Camping during the summer is as much a culture here as costumes are at every party. Even the locals trade their houses for a tent or a camper and escape into the forest for sunshine and wildflowers every chance they get. With thousands of acres of dispersed camping, and around 30 developed campgrounds on Forest Service or Bureau of Land Management land there is plenty of room for everyone to spread out; or make a new set of friends.
While developed campgrounds on public land may not always offer electricity or water hookups they do typically have bathrooms, potable water, and picnic tables. Several private campgrounds in the area do have electric hookups and a couple even have private water fishing rights. Taylor Canyon has the largest concentration of developed campgrounds in the valley, but both Gunnison and Crested Butte have nearby options as well.
|Developed Campground Options|
|National Forest Service and Bureau of Land Management||Map, Amenities, Cost|
|Curecanti National Recreation Area||Map, Amenities, Cost|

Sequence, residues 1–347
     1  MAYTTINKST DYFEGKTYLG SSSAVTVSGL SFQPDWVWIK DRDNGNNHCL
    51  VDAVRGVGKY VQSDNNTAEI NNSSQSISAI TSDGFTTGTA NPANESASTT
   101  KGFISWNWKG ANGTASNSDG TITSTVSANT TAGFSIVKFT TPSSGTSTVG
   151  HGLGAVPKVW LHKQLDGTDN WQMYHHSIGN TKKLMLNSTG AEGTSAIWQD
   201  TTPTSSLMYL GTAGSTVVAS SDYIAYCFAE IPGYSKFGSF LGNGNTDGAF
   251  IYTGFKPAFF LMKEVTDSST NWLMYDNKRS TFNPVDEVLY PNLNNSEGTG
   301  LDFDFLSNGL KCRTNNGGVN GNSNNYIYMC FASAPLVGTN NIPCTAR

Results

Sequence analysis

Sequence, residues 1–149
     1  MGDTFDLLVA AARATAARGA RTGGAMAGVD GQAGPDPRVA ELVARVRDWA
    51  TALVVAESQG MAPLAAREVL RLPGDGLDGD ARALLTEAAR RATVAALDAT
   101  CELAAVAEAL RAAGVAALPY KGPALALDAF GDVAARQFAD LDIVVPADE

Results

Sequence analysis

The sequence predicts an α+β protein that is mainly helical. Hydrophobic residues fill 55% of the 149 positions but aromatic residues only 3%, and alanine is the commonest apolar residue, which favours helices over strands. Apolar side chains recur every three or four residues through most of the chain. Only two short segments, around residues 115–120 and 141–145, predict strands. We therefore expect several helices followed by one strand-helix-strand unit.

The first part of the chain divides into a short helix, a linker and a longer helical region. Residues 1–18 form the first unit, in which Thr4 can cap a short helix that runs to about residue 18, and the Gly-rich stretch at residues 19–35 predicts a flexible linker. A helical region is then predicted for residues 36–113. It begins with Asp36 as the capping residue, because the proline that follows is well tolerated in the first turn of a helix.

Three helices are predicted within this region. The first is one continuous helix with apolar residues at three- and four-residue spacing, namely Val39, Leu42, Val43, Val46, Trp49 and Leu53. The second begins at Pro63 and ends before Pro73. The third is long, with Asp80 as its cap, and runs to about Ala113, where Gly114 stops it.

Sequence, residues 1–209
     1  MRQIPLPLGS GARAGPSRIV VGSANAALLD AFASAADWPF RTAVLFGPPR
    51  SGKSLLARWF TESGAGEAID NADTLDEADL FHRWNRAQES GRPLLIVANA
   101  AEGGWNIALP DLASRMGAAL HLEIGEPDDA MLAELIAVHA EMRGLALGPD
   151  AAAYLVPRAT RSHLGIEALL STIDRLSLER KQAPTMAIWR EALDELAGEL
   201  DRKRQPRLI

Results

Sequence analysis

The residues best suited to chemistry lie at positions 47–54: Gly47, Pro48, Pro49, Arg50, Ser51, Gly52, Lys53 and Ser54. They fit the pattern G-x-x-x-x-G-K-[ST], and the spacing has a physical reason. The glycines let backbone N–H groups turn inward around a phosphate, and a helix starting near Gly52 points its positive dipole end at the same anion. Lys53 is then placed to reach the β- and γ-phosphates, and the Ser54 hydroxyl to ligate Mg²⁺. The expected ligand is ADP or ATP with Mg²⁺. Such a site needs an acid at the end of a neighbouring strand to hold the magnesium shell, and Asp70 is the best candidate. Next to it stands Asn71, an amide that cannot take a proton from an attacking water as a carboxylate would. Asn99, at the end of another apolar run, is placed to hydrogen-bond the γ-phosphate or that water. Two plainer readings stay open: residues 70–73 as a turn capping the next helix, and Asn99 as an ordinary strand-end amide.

|Black Canyon of the Gunnison National Park||Map, Amenities, Cost|
|Private Campgrounds||Search Partners|
Dispersed camp sites are a different ballgame altogether. Drive up almost any forest service road in the area and you will find people and campsites down little side roads. Some are hidden and tucked away, some are in large meadows of wildflowers, and some take a little clearance and good luck to get into. Except for Gothic/Schofield Pass Rd. (FSR 317), Taylor Canyon Rd. (CR 742) and around Tincup every other drainage offers some sort of dispersed camping option.
Dispersed camping is a privilege in this valley and deserves a little thought and care before you go charging off the beaten path (see above). Leave No Trace principles are important in order to leave sites in good order for the next visitors.
- Camp in established campsites. They’re usually a little easier to find since folks build fire rings there.
- Pack it in and Pack it out. Whatever trash, food scraps, and other waste you have needs to make it to a trashcan.
- We have bears. They typically aren’t aggressive towards people, but they definitely have a nose for that box of donuts you left in your tent while you went hiking. Keep your food, coolers, and trash in your car.
- Drive where other people drive. Most established dispersed campsites have a two-track leading in. Most people use it because that’s how you avoid getting stuck.
- There are no bathrooms. Please learn how to keep the woods clean and always bury your waste a good long ways from camp, water, roads, and trails.
- Always treat your water. Water near campsites is generally pretty clean, but you never know who or what has been using the bathroom around camp. Boiling, filtering, or chemical treatments are all good options for your water needs.